Many filmmakers have tried to define Mexico’s character, with varying degrees of success. Examples include the fetishistic formalism of Eisenstein, the subtle character studies by contemporary talents like Maria Novaro and Alonso Ruizpalacios, and the despotic pilfering of cultural icons carried out by Alejandro González Iñárritu in Bardo (2022). Though most directors have failed and a few filmmakers have distinguished themselves in their attempts to capture Mexico’s changing character, only one has triumphed: Rubén Gámez.
La Fórmula Secreta’s (1965) history is a fabled one. Prior to its restoration in 2017, the film largely circulated as a samizdat VHS rip. Those who had actually seen it spoke of Gámez in whispers, as though they were still questioning the existence of what they’d witnessed. Despite having won the top prize in Mexico’s first national Experimental Film Contest in 1965, with a script by famous author Juan Rulfo and narration by award-winning Chiapanecan poet Jaime Sabines, the film receded from view as the years went by. It was not until the film was found by a curious worker amidst stacks of discarded celluloid at the legendary Estudios Churubusco, according to the film scholar Dr. Juana Suárez, that La Fórmula Secreta began to find its way back into public discourse, Mexico’s national film canon, and the oft-unchronicled history of experimental Latin American cinema.
Although Gámez refused for his entire life to explain what his film was about, Rulfo described it best in a lecture he conducted at the Central University of Venezuela in 1974: La Fórmula Secreta is about a man who experiences a series of nightmares after he is injected with Coca-Cola instead of saline. (The film is also known as Coca-Cola en la sangre, or “Coca-Cola in the Blood.”) Though Rulfo’s explanation contextualizes the shape-shifting form of the featurette, Gámez’s symbolist tendencies produce sequences bent on eluding comprehension by appealing to the illogical propensity of audiences’ hearts and souls.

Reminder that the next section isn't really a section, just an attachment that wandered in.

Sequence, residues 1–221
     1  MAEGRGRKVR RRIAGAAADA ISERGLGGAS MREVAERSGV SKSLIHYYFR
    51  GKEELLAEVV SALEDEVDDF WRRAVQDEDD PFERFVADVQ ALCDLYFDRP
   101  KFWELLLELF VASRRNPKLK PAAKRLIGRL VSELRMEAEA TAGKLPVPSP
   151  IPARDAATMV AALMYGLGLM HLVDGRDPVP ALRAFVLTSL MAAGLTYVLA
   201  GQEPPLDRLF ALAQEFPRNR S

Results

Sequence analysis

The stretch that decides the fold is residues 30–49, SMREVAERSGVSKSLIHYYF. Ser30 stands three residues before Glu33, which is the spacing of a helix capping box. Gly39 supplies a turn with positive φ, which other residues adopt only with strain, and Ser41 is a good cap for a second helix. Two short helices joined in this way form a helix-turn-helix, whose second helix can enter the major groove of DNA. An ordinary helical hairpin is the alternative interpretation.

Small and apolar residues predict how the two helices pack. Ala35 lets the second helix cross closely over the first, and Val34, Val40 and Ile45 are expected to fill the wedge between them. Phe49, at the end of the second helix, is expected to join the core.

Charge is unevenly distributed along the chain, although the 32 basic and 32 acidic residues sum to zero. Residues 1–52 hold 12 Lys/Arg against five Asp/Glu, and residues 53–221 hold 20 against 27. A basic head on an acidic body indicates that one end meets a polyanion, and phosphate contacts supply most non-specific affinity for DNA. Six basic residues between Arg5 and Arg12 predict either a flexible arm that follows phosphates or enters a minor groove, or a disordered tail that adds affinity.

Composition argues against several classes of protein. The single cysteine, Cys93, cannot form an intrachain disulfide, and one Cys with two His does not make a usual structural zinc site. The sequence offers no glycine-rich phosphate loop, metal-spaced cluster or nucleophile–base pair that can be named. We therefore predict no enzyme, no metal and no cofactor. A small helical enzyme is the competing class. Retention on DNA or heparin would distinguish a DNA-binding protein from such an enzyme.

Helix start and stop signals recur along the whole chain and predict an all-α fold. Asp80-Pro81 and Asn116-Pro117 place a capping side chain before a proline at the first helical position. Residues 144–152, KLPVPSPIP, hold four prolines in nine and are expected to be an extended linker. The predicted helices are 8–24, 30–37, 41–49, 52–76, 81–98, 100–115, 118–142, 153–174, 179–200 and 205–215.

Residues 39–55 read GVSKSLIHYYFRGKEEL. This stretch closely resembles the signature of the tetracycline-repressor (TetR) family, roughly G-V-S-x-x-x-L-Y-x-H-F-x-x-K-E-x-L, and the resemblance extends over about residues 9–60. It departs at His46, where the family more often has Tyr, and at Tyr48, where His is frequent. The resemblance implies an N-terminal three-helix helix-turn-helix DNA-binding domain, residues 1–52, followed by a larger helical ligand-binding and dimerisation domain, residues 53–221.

“It is an X-ray, not of Mexico, but of what it means to be Mexican,” said Alfonso Cuarón when introducing La Fórmula Secreta at the Morelia International Film Festival in 2017. Released in 1965, the film was coming on the heels of Mexico’s decades-long project of extolling national icons in its cinema, to create a cohesive national imaginary and to bury the factionalism left behind by the Revolution. La Fórmula Secreta is a direct riposte to a Golden Age of fakery, pulling back the curtains on Mexico’s myth-making stage to reveal the bitter reality of the nation as it became subject to the neocolonial influence of the U.S.
Early in the film, a Mexican man begins following a seemingly infinite string of hot dogs. He chases the porky pipe across the country as Gámez cuts different images into the background—skyscrapers, a woman making tortillas, a Mercedes-Benz, marching men, a television, a peon’s foot, a picture of the galaxy—until he arrives at a lake. Here, the man wields the bundle of sausages like a lasso and fishes out three men in suits from beneath the lake. These archetypal technocrats (Mexican politicians educated in the neoliberal economics programs of U.S. universities), greedily gnaw the hot dogs. Gámez’s images are blunt and his messages clear. His indictment of the ubiquity of the U.S. outside its borders grows stronger as his segmented critical allegories coalesce into a quilt of understanding for Mexicans and disdain for its enemies: imperialism, sloppy governance, and the church, among other institutions of power. As Rulfo proclaimed, “this movie is ANTI. It is anti-Yankee, anti-clerical, anti-government, anti-everything . . . ”
Yet La Fórmula Secreta’s refusal against everything is not that of stubborn defeatism; rather, it is a rallying cry for formal experimentation in cinema that believes in the medium’s ability to refashion public consciousness. To paraphrase Michel Tevoz, only demolition reveals the articulations of things. Thus, Gámez’s act of cinematic bulldozing returns Mexican cinema to a natal stage with pluripotent potential. La Fórmula Secreta fell into obscurity after major international film festivals refused to screen it, fearing U.S. investors would cut their funding. The only international festival recognition it received was at the 1966 Oberhausen International Film Festival, where it won the Jury Award for Forgotten Film upon its debut. Despite these disappointments, Gámez’s desire to see his country and its cinema undergo radical change remains achievable.
"I don't think that any element of Mexican cinema can serve to formulate an aesthetic,” wrote Gámez, a year before he passed away. “Everything has to be redone, national cinema has to be completely renovated."
The Secret Formula screens tonight at Light Industry.